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Wondering how strong the cloud is? Plenty strong, if you go by Microsoft’s fourth-quarter financial results, released today after the markets closed.

Is your PC business weak? Join the club. Microsoft’s is flat, as well.

“I’m proud of the results, especially our commercial cloud results,” said Satya Nadella, Microsoft’s CEO, during a conference call this evening with investors.

Overall financial results

For the three months ended June 30, Microsoft reported total revenue of $23.32 billion, up from $20.61 billion in year-earlier quarter. That’s a solid gain of 13 percent.

Net income for the fourth quarter was $6.51 billion, Microsoft said. That’s more than double its year-earlier quarterly profit of $3.12 billion.

Cloud soaring

Things get even more interesting in Microsoft’s cloud business.

Overall, Microsoft’s commercial cloud business had an annualized run rate exceeding $18.9 billion, a year-over-year increase of 56 percent, the company said. That includes revenue from Office 365 commercial, Azure, Dynamics 365 and other cloud properties.

Q4 revenue from office consumer products and cloud services revenue, which the company bunches together, increased 13 percent. The number of Office 365 consumer subscribers, part of that bundle, reached 27 million, up from 23.1 million a year earlier.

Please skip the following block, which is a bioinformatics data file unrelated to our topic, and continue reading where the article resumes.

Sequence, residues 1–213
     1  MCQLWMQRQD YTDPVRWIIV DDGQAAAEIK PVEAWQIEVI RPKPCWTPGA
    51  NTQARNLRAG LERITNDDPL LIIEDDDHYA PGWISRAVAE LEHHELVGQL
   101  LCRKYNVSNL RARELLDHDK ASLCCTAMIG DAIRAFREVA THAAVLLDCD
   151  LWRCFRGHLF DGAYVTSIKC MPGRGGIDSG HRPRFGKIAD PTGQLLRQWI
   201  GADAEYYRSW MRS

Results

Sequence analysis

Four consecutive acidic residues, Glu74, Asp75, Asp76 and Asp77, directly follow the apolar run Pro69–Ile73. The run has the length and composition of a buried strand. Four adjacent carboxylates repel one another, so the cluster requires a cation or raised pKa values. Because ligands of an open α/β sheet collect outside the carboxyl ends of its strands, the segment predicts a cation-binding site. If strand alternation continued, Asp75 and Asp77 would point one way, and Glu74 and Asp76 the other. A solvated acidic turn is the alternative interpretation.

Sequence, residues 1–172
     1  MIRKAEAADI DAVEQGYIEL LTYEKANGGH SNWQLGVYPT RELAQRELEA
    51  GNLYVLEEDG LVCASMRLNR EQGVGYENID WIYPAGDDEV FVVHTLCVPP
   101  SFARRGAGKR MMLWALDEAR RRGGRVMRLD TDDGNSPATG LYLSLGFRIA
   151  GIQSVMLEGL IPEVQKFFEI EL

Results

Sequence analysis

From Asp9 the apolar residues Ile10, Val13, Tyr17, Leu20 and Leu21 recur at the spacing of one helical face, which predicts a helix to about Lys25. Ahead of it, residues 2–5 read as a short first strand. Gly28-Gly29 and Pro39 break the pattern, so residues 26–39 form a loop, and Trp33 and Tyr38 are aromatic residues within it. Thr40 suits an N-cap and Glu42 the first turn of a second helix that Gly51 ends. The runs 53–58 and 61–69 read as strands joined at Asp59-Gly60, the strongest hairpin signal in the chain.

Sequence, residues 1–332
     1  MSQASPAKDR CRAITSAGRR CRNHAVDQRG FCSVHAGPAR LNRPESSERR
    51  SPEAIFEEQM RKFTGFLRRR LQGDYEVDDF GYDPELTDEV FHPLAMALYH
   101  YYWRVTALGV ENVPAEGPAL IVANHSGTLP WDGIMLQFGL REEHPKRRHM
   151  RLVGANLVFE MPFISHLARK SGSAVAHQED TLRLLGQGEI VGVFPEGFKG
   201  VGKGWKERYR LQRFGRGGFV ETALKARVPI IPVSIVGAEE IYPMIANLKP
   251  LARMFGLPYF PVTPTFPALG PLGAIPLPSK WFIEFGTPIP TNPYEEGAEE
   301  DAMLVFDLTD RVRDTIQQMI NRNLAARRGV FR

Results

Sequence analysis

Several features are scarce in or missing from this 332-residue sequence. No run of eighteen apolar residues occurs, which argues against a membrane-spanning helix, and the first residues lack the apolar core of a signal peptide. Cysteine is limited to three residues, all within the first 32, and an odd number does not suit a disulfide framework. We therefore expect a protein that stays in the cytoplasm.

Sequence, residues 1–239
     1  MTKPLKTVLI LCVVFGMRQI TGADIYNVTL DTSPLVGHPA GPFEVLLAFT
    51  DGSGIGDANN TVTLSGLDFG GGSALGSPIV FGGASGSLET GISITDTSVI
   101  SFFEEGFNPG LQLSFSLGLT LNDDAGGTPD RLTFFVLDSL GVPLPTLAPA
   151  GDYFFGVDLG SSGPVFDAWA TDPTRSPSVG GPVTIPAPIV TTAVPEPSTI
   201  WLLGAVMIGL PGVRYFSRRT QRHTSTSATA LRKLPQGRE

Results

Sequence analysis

As for Office 365 commercial subscribers, that number increased in Q4 by 31 percent, Microsoft said. But that was actually a slow-down from the year-earlier quarter, when the number of subscribers increased 45 percent.

Revenue in the quarter from dynamic products and cloud services, including Dynamics 365, increased 7 percent in the quarter. Dynamics 365 alone showed revenue growth of a super-high 74 percent.

Azure revenue growth? That was up 97 percent in Microsoft’s Q4 — almost doubling! That contributed to the 15 percent revenue growth in Microsoft’s server products and cloud services category.

The one dark spot on Microsoft’s “intelligent cloud” business was a 3 percent year-over-year decline in quarterly revenue from enterprise services.

Windows & Surface flattish

As we recently reported, both Gartner and IDC agree the PC business is shrinking. That’s certainly reflected in Microsoft’s Q4 “personal computing” results.

Windows OEM revenue in Q4 grew by only 1 percent. Windows commercial products and related cloud services did better, with revenue up by 8 percent.

That said, the company says commercial adoption of Windows 10 increased in the quarter by a solid 33 percent. This is driving demand for new PC hardware, too.

The Surface hardware business wasn’t great. Fourth-quarter revenue from Surface hardware declined by 2 percent from the year-earlier quarter. Microsoft said the downturn is “mainly due to product lifecycle transitions.”

Gaming revenue — for Microsoft, that means Xbox — increased 3 percent in the quarter to about $9 billion. Hardware sales actually declined, offset by growth in software and services.

As goes Microsoft, so goes the industry. And, most likely, your business.


Also see:

PC shipments fell again in Q2

VR-ready PCs are coming — but at a price

 Windows 10 Creators Update to improve security


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